North Korea has fired a ballistic missile that passed over Japan, Prime Minister Shinzo Abe told reporters early Tuesday.
A South Korean military official told NBC News that the projectile was fired around 5:57 a.m. local time on Tuesday. U.S. Pacific Command projected that the missile will splash down at 6:29 a.m. local time.
Although North Korea has sent a missile over Japan once before – in 1998 – this launch comes at a time of heightened tensions. Pyongyang has been threatening to fire a missile over Japan and into the waters around the American territory of Guam.
Japanese broadcaster NHK reported that the Japanese government warned that a North Korean missile was headed toward the Tohoku region at the northern end of the country. NHK also reported that Japan took no action to shoot down the projectile.
The Japanese broadcaster reported that the North Korean missile broke into three pieces and fell into the sea.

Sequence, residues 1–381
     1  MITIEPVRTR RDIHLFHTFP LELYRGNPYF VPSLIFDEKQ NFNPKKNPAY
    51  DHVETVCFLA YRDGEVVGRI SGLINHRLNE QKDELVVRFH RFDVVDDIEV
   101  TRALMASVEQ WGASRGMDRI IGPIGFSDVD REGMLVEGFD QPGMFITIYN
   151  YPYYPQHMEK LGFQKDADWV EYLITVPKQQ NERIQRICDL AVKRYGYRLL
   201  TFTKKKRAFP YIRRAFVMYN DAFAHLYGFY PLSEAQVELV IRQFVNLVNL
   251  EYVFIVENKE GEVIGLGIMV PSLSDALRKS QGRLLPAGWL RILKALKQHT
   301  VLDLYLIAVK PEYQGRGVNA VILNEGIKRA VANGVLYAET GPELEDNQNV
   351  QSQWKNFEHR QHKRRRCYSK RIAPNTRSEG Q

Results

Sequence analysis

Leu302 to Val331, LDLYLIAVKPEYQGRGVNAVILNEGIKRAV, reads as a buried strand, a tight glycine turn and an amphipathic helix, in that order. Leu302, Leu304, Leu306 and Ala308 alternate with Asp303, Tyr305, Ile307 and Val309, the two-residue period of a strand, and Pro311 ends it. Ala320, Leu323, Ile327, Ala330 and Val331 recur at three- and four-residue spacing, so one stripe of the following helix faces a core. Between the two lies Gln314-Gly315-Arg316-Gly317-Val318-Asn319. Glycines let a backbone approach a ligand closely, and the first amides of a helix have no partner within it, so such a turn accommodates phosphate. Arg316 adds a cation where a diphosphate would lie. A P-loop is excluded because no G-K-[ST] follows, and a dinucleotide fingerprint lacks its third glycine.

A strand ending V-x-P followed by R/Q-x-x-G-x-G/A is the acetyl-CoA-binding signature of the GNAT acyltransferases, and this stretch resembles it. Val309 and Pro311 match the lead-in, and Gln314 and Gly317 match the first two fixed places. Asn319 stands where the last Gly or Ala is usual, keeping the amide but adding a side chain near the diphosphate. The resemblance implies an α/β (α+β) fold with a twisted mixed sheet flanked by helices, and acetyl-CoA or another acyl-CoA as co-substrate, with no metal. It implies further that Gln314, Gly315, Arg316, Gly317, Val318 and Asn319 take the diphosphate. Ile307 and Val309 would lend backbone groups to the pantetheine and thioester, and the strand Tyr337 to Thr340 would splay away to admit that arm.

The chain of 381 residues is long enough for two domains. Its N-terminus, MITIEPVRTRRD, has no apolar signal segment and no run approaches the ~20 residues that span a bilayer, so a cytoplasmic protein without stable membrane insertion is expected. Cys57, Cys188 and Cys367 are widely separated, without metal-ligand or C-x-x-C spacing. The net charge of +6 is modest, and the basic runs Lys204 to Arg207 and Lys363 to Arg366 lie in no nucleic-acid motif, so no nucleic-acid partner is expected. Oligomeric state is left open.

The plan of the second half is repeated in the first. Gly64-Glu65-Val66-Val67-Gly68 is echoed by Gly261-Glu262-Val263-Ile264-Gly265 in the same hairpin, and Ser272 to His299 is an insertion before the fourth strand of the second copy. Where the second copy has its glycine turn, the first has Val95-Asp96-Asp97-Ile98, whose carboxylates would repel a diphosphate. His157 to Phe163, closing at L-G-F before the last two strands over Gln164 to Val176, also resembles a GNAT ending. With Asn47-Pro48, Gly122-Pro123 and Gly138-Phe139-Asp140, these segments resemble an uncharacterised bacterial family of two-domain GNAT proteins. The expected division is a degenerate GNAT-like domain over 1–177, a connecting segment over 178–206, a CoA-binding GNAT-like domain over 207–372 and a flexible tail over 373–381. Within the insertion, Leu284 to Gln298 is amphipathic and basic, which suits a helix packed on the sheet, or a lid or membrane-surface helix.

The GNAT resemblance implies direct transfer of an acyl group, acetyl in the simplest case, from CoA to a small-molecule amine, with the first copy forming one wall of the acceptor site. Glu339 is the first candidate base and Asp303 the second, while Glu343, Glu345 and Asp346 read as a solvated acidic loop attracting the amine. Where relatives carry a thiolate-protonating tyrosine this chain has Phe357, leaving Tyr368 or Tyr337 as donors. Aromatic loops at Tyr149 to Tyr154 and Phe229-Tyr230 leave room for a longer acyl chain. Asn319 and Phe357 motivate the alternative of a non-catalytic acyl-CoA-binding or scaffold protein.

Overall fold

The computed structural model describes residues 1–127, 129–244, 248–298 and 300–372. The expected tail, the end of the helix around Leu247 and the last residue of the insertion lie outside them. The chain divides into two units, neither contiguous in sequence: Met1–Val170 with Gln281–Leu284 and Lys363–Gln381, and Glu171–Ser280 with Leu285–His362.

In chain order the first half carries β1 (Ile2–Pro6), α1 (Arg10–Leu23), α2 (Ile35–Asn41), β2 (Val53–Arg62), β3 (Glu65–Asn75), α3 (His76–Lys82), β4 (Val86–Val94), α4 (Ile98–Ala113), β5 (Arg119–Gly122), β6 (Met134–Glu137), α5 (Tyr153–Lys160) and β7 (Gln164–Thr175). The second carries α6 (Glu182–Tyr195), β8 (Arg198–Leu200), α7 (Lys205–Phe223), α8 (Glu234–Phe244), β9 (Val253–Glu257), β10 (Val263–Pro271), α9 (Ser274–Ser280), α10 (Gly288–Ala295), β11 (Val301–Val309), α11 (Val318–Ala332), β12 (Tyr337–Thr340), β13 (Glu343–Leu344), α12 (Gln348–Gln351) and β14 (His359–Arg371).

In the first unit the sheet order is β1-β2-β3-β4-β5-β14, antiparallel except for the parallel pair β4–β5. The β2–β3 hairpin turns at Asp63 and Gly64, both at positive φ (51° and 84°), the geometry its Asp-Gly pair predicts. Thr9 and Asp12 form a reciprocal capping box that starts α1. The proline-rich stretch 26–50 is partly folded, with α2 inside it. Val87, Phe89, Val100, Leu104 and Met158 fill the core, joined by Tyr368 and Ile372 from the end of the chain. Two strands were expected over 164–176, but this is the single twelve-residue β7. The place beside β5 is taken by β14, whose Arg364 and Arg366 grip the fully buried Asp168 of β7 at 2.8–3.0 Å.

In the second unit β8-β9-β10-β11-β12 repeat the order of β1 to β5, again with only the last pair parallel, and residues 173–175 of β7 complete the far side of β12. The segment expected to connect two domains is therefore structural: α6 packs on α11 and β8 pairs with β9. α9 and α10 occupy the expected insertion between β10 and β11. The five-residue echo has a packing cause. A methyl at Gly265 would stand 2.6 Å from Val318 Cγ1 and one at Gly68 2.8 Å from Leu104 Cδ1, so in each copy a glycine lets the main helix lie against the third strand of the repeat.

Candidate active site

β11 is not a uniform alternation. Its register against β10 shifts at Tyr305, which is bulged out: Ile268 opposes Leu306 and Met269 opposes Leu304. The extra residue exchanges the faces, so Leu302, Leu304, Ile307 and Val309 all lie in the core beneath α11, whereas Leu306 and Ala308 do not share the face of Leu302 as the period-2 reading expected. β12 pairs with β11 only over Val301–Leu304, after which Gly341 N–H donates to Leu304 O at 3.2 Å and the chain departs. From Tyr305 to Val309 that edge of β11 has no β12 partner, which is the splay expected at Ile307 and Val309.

NHK also reported that the Japanese government has convened an emergency meeting of its response team to collect and analyze information.
The South Korean government has called for a national security council meeting at 7 a.m. local time, according to a presidential spokesperson. South Korean authorities have not issued an evacuation order.
The Japanese government has urged people in Tohoku to take refuge in solid buildings or underground shelters, according to NHK.
On Monday, U.S. and Japanese servicemen concluded joint exercises in Hokkaido, Japan’s northernmost major island.
A senior U.S. intelligence official told NBC that this would be the first missile test to pass over Japan on a high altitude trajectory. In 1998, North Korea fired a missile through Japanese airspace.
Tensions surrounding North Korea’s missile tests have ratcheted up throughout the summer as Kim Jong Un and U.S. President Donald Trump engaged in a war of words.
Trump previously warned Pyongyang that threats against the U.S. would be met with “fire and fury.” North Korean state media subsequently responded by saying that it was considering striking the U.S. territory of Guam.